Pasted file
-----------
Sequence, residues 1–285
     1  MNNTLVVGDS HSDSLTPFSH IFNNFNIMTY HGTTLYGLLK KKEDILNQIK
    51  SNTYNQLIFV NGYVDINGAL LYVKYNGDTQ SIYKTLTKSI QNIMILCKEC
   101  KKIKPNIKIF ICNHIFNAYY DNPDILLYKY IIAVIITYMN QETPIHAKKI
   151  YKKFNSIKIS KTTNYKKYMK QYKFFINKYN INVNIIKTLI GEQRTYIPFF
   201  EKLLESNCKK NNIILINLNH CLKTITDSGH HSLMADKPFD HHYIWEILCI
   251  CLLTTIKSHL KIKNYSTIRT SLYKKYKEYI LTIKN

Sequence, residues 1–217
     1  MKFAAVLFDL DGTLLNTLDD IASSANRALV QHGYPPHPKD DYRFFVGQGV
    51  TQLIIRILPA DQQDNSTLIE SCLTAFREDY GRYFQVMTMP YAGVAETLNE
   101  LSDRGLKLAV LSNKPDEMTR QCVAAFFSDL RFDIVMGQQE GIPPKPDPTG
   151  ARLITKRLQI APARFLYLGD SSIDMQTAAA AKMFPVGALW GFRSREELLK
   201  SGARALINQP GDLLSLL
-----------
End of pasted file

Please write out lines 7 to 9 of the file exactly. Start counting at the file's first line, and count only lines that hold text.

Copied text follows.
   251  CLLTTIKSHL KIKNYSTIRT SLYKKYKEYI LTIKN

Sequence, residues 1–217
     1  MKFAAVLFDL DGTLLNTLDD IASSANRALV QHGYPPHPKD DYRFFVGQGV